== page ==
Friday, February 17, 2012

ArtGyro Open Forum: The Cost of Art

Saturday, 18 February, at 8:00AM SLT
ArtGyro LEA sim (LEA18)
Contact: FreeWee Ling

Following the first ArtGyro open forum on arts sustainability, three general areas of concern emerged: Commerce, Intellectual Property, and Legacy. Our next forum with be in the Commerce track and we will be discussing the cost of creating, displaying, selling, buying, and owning art. Everyone interested in the future of art in SL is encouraged to attend.

In preparation for the forum, here are some questions to stimulate conversation:

-What are the expenses related to creating, buying, selling, presenting, marketing?

-Who pays for what?

-Given the costs, can art be a viable business in SL?

-What are some examples of successful commercial galleries (i.e., those which sell art)?

-How are prices for art determined? (This may be a whole separate discussion.)
Here are some minumum fixed costs that somebody usually has to pay for art (or anything else) to exist:

In US dollars per month:

Full sim tier: $295.00
Full sim prims: 15000
Exchange rate: L$ 244.22 = US$ 1.00 (Lindex 14 Feb 2012)
The cost of one Linden is approx $0.004
Cost of one prim: $0.019666 (just under 2 cents)
Cost of one prim: 2.08 Lindens

A land owner pays for land whether the prims are used or not. Any unused prims are waste, adding to the cost of the used prims. E.g., if half the prims on a full sim are used, it still costs $295, thus effectively doubling the cost per prim used.

A typical rental parcel can cost 20%-40% above the actual cost to the sim owner, so a gallery owner renting a parcel at a premium price must add that cost to the prim cost.

2D art on a single prim is pretty cost effective. But a single object of 100 prims costs MINIMUM $1.96 (208 Lindens) per month to show. If a gallery owner takes a modest 20% of sales, that object will need to generate at least $9.80 (2393L) in sales just to cover its cost.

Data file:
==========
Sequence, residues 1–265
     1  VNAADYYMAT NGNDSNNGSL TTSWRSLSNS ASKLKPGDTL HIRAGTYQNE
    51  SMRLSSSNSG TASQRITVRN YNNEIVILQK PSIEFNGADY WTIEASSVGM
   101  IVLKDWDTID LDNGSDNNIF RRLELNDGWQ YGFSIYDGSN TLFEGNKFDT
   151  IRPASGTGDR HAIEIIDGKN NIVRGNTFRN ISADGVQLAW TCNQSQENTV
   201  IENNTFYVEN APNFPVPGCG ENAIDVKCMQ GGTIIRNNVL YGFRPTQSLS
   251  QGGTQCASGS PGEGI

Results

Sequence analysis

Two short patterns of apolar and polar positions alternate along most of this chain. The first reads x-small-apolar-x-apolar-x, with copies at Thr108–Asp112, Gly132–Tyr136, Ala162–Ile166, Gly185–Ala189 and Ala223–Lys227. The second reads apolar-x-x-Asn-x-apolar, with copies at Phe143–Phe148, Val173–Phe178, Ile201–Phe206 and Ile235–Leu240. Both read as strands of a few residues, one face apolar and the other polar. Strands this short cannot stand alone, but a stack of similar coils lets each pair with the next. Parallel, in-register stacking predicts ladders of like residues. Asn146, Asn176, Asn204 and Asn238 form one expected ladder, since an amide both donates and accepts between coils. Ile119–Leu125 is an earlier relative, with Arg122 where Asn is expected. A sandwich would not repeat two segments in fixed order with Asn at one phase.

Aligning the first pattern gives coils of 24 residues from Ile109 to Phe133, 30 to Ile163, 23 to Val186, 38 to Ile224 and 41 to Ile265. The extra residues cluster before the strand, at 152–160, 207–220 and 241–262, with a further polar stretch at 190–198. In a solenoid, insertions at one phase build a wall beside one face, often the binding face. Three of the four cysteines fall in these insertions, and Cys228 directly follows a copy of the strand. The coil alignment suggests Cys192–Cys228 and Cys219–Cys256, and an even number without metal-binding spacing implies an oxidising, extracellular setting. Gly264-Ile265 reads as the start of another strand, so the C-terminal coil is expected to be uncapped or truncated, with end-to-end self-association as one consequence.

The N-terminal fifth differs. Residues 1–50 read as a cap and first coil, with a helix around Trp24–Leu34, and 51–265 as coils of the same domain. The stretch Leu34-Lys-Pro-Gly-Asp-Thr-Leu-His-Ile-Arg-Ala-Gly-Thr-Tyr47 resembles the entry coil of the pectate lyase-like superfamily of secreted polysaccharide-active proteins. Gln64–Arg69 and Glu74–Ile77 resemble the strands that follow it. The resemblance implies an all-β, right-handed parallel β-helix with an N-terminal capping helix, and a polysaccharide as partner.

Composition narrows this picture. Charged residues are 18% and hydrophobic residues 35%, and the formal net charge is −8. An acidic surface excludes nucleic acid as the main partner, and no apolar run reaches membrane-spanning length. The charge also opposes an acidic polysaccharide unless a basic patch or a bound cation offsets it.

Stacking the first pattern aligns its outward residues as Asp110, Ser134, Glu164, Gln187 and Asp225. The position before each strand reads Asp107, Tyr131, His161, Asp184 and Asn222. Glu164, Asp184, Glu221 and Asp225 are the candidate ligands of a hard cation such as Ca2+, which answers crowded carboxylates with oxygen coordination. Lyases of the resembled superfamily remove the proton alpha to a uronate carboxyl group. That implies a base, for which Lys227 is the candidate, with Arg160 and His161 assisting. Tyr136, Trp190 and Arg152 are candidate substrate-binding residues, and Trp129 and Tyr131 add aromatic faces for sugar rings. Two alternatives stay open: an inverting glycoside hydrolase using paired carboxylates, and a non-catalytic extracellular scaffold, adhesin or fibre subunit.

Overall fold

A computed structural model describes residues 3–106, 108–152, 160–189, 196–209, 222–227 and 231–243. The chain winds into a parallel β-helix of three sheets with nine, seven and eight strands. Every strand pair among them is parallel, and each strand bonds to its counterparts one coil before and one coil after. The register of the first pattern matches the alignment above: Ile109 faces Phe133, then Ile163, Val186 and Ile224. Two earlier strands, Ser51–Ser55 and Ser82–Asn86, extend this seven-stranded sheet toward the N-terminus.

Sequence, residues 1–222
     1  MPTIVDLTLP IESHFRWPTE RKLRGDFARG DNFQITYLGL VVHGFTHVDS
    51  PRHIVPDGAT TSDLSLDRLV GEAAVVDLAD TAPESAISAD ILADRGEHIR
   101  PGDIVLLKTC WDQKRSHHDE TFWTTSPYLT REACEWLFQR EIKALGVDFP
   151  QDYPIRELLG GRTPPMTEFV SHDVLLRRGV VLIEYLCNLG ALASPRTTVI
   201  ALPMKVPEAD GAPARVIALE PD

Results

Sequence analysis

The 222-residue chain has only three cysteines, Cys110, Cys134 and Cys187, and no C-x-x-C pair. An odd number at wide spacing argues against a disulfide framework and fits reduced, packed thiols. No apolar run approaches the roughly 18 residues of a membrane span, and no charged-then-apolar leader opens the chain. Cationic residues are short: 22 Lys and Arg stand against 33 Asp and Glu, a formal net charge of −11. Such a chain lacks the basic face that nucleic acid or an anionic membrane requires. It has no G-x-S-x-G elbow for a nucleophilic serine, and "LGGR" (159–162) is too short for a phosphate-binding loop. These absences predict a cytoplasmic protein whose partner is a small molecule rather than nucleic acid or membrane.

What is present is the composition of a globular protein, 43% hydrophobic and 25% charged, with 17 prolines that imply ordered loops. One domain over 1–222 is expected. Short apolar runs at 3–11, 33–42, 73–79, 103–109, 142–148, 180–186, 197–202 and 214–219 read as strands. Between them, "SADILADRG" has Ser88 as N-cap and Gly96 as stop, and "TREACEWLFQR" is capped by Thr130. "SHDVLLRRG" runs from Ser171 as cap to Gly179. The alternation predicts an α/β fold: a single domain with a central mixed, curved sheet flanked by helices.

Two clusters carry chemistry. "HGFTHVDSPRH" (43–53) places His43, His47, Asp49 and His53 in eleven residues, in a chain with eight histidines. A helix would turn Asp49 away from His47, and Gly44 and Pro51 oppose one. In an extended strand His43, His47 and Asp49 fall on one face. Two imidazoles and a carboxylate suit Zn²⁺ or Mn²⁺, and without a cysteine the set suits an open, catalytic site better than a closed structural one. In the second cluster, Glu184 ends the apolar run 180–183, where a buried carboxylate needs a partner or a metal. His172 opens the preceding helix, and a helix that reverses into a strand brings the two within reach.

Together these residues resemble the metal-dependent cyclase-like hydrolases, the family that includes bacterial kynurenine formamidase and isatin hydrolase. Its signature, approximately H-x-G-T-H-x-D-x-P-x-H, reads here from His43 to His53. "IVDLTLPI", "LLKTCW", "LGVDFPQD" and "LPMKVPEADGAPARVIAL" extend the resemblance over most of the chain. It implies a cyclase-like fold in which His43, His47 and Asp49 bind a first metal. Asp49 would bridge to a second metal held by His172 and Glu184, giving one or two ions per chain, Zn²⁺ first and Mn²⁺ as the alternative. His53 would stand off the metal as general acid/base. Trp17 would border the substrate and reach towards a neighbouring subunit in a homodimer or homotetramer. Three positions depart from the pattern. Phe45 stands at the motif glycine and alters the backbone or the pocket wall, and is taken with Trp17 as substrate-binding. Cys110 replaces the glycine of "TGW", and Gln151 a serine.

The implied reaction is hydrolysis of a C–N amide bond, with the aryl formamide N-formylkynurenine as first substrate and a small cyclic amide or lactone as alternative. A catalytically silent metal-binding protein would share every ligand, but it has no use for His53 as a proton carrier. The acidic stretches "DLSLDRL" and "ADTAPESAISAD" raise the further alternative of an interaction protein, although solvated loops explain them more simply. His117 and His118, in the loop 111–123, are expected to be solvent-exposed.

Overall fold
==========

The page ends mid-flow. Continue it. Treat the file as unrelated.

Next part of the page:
Similarly, the buyer not only pays the price of the object, but must also pay for the tier to display it. The 100 prim object will cost $23.60 per year to display.

SANDBOXES: Unless you are using Linden-owned sandboxes, someone is paying the tier to let you work in SL. If you own or rent land, that person is you. If you do not, that person is someone else. Do you know who that is?

1 comment:

  1. Interesting information. Obviously, everything has some kind of cost. There is even a secondary level of cost known as "opportunity cost", which is simply the cost to something or someone else whose product or service I'm NOT using when I use Second Life. And, of course, there are added costs to me when I use Second Life in my leisure time instead of, say, watching TV. Even though I'm not watching it right now, I continue to pay for the cable hookup regardless.

    So ... perhaps there's another way of looking at this. It costs a gallery owner x Lindens to display work (i.e. prims), but what does the gallery owner have without work to display? So, if we consider the gallery a small business, the costs of rent or tier (and prims) is the fundamental overhead of running a business. Unlike most businesses, the gallery owner doesn't have to pay for the goods on sale until they are sold. And then, they pay a wholesale price (i.e. the sale price minus the commission) and the artist gets some percentage. The gallery owner, in effect, bears almost no risk apart from the continuing overhead costs that he/she took on knowingly when he/she started the business.

    To me, this doesn't seem like such a good deal for the artist. As an artist, I have another idea. Why not simply sell the works to the gallery owner who wants to display them? I have costs, too. I have to have somewhere to work, prims to use, tools to buy or make. Without a sale, those costs go unreimbursed. And even with a sale, the percentage I get amounts to a hugely discounted price based not on my costs as an artist, but on what the gallery owner agrees to give me.

    If artists can get together and change the business model, perhaps they (the "content creators" in LL lingo), at least, can make some money. The gallery owners then own work that they can display and sell forever. Everyone wins.